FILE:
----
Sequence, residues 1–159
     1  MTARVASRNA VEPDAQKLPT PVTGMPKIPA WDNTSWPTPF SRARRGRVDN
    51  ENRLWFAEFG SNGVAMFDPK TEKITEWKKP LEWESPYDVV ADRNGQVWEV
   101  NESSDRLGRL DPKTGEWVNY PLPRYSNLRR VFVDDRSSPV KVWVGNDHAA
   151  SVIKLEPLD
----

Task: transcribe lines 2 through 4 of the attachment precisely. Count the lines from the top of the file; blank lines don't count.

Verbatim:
     1  MTARVASRNA VEPDAQKLPT PVTGMPKIPA WDNTSWPTPF SRARRGRVDN
    51  ENRLWFAEFG SNGVAMFDPK TEKITEWKKP LEWESPYDVV ADRNGQVWEV
   101  NESSDRLGRL DPKTGEWVNY PLPRYSNLRR VFVDDRSSPV KVWVGNDHAA